Time for a spot check?
November 1, 2022
Australia has one of the highest rates of skin cancer in the world. About two in three Australians will be diagnosed with some form of skin cancer before the age of 70. Have you ever wondered if the mole on your body is cancerous?
Types of skin cancer
There are three main types of skin cancer, named after the type of skin cell they start from: basal cell carcinoma, squamous cell carcinoma and melanoma skin cancer.
Basal cell carcinoma
- Most common form of skin cancer but the least dangerous.
- Appear as round or flattened lump or scaly spots.
- Red, pale or pearly in colour.
- May become ulcerated, bleed and fail to heal.
- Grows slowly over months or years.
- Usually found on the upper body, head or neck.
Squamous cell carcinoma
- Less common, but more dangerous than basal cell carcinoma.
- 1-2% can spread and cause death.
- Look for scaly red areas that may bleed easily, ulcers or non-healing sores that are often painful.
- Grows over a period of months.
- Often found on lips, ears and scalp.
Melanoma skin cancer
- Least common but most serious form of skin cancer.
- Can appear in a new or an existing spot, freckle or mole that changes colour, size or shape.
- Grows over weeks to months anywhere on the body (not just areas that get lots of sun).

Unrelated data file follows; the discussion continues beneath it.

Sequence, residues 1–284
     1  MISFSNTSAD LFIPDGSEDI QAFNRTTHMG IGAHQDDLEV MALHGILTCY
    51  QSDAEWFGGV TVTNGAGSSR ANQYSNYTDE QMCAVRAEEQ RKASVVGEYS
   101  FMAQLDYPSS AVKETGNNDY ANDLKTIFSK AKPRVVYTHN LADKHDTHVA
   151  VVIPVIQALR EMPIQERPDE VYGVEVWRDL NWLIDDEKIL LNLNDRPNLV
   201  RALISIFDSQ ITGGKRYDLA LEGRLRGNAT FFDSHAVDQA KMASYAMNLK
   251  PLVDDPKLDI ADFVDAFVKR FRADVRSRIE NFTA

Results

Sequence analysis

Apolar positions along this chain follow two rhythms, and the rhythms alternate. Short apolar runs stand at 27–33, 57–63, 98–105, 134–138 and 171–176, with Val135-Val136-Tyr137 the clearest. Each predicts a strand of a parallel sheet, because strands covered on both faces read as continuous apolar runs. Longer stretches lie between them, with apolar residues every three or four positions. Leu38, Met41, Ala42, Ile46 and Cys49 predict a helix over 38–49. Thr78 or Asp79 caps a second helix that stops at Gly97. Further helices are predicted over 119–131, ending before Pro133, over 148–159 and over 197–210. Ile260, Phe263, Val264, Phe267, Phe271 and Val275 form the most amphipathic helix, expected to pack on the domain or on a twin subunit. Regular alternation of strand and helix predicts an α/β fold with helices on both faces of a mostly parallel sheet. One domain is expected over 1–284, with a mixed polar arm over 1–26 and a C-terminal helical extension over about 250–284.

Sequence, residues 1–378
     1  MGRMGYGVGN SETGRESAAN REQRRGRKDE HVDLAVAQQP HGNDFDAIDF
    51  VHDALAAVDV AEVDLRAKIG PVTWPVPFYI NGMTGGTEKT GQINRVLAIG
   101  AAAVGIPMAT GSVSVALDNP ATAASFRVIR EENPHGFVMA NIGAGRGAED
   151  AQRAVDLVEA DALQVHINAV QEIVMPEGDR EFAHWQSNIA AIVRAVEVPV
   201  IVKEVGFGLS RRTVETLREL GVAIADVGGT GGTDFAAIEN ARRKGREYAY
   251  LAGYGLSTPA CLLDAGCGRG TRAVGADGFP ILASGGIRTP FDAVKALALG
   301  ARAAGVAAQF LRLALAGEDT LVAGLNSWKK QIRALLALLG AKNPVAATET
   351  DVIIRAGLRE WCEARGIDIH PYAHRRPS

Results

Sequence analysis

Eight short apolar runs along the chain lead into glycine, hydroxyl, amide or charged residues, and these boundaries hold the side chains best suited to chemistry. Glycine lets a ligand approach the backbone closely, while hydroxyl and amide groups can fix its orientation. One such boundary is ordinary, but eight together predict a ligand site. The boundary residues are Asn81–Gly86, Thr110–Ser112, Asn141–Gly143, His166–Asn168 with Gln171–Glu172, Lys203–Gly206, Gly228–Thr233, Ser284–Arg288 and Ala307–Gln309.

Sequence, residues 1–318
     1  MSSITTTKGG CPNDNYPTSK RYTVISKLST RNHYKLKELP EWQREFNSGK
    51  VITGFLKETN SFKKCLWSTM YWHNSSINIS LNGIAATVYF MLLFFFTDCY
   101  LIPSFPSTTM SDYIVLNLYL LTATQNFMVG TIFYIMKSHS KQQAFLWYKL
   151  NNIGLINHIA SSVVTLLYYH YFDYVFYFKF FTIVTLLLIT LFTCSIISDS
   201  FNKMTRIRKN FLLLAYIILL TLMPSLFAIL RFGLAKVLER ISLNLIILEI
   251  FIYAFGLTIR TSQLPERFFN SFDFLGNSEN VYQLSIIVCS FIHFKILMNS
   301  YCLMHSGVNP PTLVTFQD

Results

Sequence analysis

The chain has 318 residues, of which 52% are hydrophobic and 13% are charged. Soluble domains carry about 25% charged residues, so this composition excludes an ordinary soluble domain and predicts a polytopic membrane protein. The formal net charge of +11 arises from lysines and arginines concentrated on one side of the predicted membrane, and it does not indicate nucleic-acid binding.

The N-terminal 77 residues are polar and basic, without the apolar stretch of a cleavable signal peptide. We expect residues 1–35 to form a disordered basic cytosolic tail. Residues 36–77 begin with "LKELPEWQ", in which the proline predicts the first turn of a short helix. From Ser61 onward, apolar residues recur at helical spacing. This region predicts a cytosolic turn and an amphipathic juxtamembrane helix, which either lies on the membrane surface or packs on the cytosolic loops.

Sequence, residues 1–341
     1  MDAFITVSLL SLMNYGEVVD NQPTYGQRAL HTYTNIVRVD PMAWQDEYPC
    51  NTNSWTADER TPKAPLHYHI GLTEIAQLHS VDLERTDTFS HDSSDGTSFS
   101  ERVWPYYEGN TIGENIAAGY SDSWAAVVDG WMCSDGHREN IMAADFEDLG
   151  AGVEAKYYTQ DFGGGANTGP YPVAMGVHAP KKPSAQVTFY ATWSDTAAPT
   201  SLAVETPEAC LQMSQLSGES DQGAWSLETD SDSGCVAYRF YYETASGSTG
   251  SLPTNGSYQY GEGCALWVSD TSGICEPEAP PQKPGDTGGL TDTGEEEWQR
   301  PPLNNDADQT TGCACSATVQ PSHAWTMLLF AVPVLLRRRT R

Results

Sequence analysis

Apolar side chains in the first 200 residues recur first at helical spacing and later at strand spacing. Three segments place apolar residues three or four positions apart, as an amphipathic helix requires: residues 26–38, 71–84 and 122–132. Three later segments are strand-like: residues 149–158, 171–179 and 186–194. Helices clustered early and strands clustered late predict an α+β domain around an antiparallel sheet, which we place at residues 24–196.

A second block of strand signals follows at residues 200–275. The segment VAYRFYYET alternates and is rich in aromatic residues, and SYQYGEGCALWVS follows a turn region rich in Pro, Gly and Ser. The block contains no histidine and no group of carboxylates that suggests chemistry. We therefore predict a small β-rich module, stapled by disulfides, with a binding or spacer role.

- If untreated, cancer cells can spread to other parts of the body.
UV damage to the skin
The following conditions are not cancer but may predispose you to skin cancer or be a warning sign that damage to the skin has occurred.
- Dysplastic naevi: Odd-shaped moles usually with uneven colouring that may indicate a greater risk of developing melanoma.
- Solar keratoses: Hard, red, scaly spots on sun-exposed areas of the skin, commonly occur on the head, neck and the backs of the hands.
Skin cancer develops when a cell in the skin goes through a series of changes. Exposure to ultraviolet (UV) radiation is the main factor that causes skin cells to become cancer cells.
Remember to protect your skin in five ways and book in for regular skin checks with your doctor.